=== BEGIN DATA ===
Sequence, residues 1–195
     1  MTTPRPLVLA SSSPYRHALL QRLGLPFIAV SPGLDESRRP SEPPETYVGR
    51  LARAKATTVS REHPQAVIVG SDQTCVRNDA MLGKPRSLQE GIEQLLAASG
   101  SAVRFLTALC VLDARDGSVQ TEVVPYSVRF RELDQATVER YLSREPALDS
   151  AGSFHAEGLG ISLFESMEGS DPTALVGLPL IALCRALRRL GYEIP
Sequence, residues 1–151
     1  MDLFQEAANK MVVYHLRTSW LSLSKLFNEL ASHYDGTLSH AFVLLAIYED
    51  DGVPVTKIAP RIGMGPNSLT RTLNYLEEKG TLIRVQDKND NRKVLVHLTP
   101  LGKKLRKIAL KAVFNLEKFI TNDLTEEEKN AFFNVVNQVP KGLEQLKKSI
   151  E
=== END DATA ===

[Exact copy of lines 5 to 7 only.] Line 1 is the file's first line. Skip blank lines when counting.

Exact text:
   151  AGSFHAEGLG ISLFESMEGS DPTALVGLPL IALCRALRRL GYEIP
Sequence, residues 1–151
     1  MDLFQEAANK MVVYHLRTSW LSLSKLFNEL ASHYDGTLSH AFVLLAIYED